Archive for July, 2011

As I am prepping for my Revenge of the Giants game tonight, which is being played out through Wizard’s Virtual Tabletop, I thought I would blog a bit about my thoughts on the module so far and playing at the Paragon Tier. The module itself is….okay. The production quality is fantastic (it makes me lament the fact that Wizard’s is not really publishing adventures anymore, I think we get one this year and the DDI stuff just isn’t the same). The story is fairly classic, with giantkind banding together to try and release an ancient primordial from its prison while wreaking havoc and laying waste to everything.  The adventure essentially plays out in a series of delves or crawls and is very combat heavy, punctuated by forced and sometimes mechanically awkward skill challenges.   There is a really weird section/delve where you travel back in time and lay some smack on Acererak before he became a lich. The hook is that you need to get some “sky metal” to make some potent magic weapons to aid you in your quest to defeat the giants. It left me thinking that if you can travel in time why not go back and alter the events that lead to the current predicament, but whataya going to do maybe that would violate the prime directive or something.

You can tell that this module was written early on in the life of 4th edition before they had a fuller understanding of how the system really worked and potential pitfalls (another reason why I lament the lack of new published modules because most of the ones in actual print suffer from this). The only tweaking I have done so far is to swap out monsters for their current versions post Monster Manual 3 or updated the damage to the new progression levels.

With regards to DM’ing at the Paragon tier, I have to honestly say I have no fucking clue about what’s going on during the game most of time. Each Character has so many powers, magic items and abilities that whenever I do anything  2 or 3 voices chirp up over the interwebs calling out numbers that reduce attack roles, damage rolls, or trigger some kind of awfulness for my monsters. It can be very confusing. I have access to all their character because they are stored on the virtual table, but really it is too much to keep track of and I think you have to just trust your players.  It is even confusing for the players as some have crib sheets stored on the notes section detailing specifics or exceptions of how their characters work. Also, I can’t even imagine running this module or any paragon game without the new monster damage as it would be just a joke. Even with the pimped up monsters the party still hasn’t been really threatened. I haven’t dropped anyone unconscious yet and rarely bloody more than one person per encounter.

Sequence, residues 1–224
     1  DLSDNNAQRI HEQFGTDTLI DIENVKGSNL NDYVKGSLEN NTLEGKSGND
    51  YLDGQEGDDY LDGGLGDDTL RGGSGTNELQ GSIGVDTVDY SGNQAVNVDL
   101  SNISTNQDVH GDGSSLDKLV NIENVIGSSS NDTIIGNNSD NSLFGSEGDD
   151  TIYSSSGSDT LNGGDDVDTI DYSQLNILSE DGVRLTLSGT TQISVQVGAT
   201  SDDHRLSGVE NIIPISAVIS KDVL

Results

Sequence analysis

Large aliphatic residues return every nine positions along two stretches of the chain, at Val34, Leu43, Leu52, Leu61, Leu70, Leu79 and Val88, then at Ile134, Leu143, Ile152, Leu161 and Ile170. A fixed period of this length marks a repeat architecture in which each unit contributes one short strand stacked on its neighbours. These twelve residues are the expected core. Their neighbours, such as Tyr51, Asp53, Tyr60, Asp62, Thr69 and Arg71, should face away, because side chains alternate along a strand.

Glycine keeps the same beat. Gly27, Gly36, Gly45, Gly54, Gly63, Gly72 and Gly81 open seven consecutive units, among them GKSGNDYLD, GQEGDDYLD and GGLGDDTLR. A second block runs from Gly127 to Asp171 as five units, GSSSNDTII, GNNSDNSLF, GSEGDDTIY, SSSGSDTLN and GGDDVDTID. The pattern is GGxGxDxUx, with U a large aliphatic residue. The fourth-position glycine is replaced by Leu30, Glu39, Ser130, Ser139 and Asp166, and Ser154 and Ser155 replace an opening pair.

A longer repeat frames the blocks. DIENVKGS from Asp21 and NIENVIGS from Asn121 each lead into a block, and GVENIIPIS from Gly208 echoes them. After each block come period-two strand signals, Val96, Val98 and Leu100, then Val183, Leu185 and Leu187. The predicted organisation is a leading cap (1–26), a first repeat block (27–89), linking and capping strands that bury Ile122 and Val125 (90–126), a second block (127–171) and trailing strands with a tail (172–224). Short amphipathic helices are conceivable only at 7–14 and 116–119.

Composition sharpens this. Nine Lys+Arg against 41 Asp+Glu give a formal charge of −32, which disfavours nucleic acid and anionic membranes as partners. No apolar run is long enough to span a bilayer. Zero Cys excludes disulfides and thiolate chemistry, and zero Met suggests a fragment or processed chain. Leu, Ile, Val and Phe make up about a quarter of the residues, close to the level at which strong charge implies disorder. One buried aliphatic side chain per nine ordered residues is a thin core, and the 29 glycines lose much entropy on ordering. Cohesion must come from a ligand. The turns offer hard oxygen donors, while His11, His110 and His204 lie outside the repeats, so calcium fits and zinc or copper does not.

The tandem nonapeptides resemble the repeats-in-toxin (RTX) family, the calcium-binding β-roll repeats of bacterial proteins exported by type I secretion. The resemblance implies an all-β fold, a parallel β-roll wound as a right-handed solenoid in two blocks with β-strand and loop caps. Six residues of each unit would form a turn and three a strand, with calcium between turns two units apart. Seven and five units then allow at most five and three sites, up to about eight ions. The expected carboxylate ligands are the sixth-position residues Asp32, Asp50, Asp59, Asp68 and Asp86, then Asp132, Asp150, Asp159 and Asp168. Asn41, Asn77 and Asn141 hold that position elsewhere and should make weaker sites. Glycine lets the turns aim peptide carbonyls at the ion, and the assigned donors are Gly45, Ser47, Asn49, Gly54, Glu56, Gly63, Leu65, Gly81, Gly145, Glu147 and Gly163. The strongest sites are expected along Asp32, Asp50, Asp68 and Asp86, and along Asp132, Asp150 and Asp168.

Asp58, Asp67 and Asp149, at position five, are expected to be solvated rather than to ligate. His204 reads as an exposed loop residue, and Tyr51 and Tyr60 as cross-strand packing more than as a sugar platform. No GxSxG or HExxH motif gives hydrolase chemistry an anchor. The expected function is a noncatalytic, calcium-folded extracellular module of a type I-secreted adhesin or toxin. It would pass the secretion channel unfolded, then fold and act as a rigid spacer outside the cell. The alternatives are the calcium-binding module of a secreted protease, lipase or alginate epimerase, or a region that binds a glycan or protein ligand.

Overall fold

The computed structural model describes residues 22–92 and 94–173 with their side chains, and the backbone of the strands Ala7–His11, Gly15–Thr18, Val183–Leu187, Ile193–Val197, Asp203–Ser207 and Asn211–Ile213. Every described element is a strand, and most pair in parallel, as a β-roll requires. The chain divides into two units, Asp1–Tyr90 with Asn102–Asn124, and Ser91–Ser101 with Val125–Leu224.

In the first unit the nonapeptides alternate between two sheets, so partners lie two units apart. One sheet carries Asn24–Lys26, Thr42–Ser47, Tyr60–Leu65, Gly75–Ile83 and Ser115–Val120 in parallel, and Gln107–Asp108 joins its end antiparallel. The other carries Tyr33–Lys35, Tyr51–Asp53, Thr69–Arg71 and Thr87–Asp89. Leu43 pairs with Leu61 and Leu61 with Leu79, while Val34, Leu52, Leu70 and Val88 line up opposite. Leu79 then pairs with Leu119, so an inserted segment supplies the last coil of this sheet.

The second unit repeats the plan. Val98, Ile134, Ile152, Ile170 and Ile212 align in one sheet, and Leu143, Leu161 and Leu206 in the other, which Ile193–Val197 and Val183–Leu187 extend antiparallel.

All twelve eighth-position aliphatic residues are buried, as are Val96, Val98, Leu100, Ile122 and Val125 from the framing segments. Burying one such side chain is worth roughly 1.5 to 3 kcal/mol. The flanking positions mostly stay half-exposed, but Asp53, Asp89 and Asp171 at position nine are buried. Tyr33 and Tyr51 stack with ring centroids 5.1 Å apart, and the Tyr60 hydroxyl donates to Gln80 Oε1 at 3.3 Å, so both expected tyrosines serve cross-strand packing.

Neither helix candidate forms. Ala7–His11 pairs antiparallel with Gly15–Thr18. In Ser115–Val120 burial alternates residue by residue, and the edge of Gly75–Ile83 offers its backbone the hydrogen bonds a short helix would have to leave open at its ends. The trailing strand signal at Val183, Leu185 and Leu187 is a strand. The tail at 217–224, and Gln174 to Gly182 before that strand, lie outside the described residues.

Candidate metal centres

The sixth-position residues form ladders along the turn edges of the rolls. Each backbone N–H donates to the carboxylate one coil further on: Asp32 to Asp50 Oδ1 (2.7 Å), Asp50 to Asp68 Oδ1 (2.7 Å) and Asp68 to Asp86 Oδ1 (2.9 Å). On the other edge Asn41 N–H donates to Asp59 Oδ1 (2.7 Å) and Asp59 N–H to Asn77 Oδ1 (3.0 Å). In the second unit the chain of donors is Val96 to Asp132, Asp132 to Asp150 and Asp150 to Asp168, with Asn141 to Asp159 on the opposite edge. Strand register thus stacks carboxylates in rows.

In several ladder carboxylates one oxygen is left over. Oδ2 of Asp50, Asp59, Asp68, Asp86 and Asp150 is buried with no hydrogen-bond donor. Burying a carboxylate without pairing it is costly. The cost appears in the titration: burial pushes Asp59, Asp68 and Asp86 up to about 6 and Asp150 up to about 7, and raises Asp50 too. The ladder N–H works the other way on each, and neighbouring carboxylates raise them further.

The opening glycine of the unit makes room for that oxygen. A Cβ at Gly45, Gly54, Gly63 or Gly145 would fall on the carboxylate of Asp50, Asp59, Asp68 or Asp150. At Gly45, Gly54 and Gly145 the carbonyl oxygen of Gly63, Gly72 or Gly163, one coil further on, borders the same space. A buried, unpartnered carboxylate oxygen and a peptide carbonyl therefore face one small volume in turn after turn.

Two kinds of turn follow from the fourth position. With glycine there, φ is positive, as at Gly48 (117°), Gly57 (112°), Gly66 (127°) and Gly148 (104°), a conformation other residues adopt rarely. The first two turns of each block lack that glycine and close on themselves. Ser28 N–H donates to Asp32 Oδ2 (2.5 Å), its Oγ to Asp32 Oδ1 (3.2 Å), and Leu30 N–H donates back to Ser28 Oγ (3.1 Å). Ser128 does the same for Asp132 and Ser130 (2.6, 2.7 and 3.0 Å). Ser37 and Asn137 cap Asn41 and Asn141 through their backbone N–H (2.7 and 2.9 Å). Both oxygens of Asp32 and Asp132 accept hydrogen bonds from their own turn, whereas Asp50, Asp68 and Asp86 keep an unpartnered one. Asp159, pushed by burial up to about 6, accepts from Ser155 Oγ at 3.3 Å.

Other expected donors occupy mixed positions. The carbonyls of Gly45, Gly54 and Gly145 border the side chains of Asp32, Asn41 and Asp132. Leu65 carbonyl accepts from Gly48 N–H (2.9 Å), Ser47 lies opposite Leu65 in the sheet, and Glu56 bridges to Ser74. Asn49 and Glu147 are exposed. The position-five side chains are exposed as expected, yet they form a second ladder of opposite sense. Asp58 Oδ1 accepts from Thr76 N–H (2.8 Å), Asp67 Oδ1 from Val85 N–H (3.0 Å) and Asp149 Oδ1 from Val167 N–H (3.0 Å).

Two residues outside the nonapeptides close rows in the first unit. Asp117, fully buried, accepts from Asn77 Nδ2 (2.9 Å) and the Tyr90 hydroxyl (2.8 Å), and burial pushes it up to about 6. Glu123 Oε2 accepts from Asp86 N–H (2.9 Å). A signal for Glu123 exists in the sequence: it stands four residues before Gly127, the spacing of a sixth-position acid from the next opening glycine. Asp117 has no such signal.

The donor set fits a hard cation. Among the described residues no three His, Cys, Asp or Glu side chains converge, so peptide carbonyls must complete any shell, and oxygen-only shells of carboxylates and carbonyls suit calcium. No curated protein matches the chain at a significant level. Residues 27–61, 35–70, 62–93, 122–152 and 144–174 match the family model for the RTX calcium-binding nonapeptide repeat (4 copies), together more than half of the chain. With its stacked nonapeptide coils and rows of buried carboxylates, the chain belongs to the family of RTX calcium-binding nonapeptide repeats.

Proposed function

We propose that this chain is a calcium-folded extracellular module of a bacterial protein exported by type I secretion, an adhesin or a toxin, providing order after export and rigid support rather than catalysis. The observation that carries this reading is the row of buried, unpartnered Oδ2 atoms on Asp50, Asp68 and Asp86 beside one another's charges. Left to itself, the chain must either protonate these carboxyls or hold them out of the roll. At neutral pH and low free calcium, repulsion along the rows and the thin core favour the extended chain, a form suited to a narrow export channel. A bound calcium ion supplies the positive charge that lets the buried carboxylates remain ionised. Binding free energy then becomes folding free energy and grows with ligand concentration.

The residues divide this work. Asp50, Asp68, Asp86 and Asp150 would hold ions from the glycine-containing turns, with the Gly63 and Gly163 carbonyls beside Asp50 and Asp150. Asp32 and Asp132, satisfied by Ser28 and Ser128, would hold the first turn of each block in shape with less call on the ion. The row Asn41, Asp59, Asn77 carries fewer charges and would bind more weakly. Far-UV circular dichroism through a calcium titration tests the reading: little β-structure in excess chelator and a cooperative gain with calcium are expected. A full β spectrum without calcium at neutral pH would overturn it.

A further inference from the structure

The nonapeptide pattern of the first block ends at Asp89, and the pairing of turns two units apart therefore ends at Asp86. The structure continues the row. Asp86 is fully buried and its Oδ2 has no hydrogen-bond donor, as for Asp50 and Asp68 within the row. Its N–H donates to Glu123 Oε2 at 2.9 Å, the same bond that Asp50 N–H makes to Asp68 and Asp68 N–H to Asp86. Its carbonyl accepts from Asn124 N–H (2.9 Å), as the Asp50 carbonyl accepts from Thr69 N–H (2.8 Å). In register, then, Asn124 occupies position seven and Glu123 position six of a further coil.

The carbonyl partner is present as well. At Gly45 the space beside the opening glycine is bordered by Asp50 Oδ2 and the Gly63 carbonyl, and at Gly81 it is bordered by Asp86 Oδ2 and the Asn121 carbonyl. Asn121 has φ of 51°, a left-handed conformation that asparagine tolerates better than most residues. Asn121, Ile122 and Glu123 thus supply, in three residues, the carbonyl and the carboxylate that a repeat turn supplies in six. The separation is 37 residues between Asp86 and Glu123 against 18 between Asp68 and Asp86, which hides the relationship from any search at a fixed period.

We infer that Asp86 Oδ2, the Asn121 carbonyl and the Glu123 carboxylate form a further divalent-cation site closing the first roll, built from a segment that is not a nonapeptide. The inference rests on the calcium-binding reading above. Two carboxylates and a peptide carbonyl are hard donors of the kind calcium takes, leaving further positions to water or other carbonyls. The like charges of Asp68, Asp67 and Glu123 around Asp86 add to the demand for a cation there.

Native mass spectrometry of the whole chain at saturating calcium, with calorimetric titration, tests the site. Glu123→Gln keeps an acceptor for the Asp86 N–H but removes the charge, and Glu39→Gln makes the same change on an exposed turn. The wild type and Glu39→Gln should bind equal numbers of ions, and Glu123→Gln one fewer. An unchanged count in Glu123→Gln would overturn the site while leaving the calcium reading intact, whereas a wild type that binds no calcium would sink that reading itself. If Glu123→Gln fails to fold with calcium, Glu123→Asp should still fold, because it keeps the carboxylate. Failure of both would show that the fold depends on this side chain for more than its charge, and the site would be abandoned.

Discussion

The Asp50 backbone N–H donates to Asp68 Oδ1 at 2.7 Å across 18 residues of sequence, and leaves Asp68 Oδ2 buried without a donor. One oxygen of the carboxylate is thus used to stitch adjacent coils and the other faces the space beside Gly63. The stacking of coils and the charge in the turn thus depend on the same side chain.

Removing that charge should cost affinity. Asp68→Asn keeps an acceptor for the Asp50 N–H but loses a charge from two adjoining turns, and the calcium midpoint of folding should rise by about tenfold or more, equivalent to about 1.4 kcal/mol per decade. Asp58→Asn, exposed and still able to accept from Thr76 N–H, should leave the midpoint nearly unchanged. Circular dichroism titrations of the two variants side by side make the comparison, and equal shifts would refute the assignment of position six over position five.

Here is the intro I sent out to the players as I wasn’t really feeling the initial hooks that were laid out in the adventure:

You are all members of the nation of Fallcrest’s Special Forces, some on the books and some off the books, whose mission has been the protection of your fledgling nation from the ever encroaching darkness.

Several weeks ago, tales began to circulate of a strange mechanical bird that flew into the throne room. After several minutes of just circling the room, the strange bird landed at the feet of the throne and began to address the king. Not all of the details of what was said have emerged but it is known that this strange bird addressed the King as “the mighty and benevolent ruler of Nerath” and repeatedly mentioned his duty to uphold “the Paragon Compact” and how the great city of Argent could not be left without champions as the world itself would suffer the consequences.

You have been ordered to equip yourself for deployment and present to his majesty in the throne room at first light.

When I had the king send them off to investigate the strange mechanical bird’s plea, I spoke as the King and asked if they had any questions. This was followed by nothing but dead air and the faint sound of crickets chirping. I then responded, as the king, “that’s what I like about you special forces types, all business no talk”.  Guess this is the right module for this job after all  😉